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Enterprise Development Loans: Beware of the tax consequences!!!

By February 8, 2017 September 26th, 2019 No Comments

All small business owners will say that cash-flow is one of their biggest challenges as they grow their businesses and create jobs.  In many cases, SMEs will often have to take u
p expensive loans or overdraft facilities to assist them with meeting their month-end financial obligations like salaries, rent etc.  As such, government is attempting to improve the chances of success for BEE businesses through the Enterprise & Supplier Development section of the BEE Scorecard. Any support offered by other businesses that may do this, secures that company enterprise development points.

The purpose of this section of the BEE Scorecard is to encourage the establishment and growth of BEE businesses. The high business failure rates around the world indicate that running a business is one of life’s greatest challenges.   That said, there are a number of ways a business can implement their Enterprise Development programs, and one of the strategic ways is to provide an interest-free or interest-bearing loan to their beneficiaries.  The intention is to encourage companies to provide credit to SMEs which have difficulty securing reasonable financing that promotes growth through the traditional channels, while preserving working capital. Additionally, the enterprise development loans are intended to directly serve the needs of disadvantaged SMEs that quite often lack the resources to obtain credit through conventional means. The EDL Program’s primary goal is to secure the retentiSmall-business-loanon and creation of jobs by providing subordinated, long-term financing at attractive rates.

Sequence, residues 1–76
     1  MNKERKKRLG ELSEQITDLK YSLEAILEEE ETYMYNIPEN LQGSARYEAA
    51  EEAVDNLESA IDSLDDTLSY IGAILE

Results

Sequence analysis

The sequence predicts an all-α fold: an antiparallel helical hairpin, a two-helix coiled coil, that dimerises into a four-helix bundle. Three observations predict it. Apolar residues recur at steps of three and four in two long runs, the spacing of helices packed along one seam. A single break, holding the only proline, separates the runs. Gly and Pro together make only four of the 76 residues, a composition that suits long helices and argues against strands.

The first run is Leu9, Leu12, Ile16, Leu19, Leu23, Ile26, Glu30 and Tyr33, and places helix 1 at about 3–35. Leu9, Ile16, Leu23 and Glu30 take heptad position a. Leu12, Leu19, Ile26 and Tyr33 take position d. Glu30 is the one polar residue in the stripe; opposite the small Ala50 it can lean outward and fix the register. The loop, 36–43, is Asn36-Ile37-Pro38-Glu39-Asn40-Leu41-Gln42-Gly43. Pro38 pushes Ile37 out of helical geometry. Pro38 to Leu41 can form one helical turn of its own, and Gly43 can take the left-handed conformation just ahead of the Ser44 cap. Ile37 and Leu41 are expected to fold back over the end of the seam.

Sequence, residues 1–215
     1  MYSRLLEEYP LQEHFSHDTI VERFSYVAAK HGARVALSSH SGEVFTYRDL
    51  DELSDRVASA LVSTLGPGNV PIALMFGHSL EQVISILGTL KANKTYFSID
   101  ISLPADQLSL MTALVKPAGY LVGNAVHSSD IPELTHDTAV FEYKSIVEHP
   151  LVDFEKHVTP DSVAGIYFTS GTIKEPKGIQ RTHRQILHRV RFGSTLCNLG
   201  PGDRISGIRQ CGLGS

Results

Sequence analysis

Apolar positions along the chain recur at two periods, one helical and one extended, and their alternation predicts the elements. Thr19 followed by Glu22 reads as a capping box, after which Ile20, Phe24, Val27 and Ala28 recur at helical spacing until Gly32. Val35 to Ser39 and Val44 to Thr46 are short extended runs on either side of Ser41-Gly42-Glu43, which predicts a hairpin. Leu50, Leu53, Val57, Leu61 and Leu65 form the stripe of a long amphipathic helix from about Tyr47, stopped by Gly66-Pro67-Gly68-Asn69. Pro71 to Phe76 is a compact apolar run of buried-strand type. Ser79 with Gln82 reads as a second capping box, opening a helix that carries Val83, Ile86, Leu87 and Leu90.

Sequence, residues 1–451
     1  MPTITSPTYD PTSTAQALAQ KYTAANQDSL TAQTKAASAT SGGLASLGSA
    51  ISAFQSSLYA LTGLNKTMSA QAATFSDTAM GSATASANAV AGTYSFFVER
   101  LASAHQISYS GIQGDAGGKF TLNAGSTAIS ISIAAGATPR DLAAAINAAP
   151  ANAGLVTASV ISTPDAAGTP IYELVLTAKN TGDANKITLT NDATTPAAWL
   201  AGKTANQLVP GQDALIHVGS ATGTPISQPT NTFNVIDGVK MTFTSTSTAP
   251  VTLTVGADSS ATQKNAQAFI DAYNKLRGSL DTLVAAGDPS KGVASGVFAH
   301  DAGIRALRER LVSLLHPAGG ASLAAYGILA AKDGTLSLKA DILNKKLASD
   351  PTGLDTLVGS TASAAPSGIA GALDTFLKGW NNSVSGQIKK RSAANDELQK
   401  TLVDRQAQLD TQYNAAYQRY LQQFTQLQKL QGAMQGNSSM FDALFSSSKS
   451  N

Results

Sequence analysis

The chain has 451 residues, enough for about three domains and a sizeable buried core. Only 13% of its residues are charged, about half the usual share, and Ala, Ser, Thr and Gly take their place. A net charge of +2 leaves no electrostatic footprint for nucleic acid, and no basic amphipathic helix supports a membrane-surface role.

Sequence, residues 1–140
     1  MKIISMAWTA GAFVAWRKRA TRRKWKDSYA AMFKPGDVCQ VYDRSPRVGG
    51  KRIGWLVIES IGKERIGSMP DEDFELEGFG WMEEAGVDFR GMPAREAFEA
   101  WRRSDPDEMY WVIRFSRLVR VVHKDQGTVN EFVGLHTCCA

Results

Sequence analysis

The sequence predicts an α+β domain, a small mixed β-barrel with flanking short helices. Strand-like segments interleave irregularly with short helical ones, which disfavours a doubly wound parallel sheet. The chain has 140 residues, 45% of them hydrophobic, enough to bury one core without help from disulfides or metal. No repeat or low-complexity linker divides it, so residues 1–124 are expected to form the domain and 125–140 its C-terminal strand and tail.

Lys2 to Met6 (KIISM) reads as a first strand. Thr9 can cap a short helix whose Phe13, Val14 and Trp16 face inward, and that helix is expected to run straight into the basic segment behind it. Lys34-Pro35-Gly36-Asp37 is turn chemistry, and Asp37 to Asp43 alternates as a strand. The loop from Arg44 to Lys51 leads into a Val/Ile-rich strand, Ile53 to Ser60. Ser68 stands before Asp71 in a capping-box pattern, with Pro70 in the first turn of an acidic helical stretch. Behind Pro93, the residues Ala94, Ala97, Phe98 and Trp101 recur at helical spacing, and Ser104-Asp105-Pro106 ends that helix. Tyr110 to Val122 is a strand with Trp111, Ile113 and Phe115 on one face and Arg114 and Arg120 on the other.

In such instances, these loan accounts often arise either through funding being provided by one company to another or in circumstances where, for example, a company provides services or sells goods to another company and the consideration remains outstanding on loan account.  Often such loan accounts are written off, particularly in circumstances where the Enterprise Development beneficiary is not able to repay the loan.

This article focuses on certain tax consequences arising from the writing off or waiving of debt.  Whilst the purpose of the loan may have good intentions in the bigger scheme, the consequences may be significant for the beneficiary company.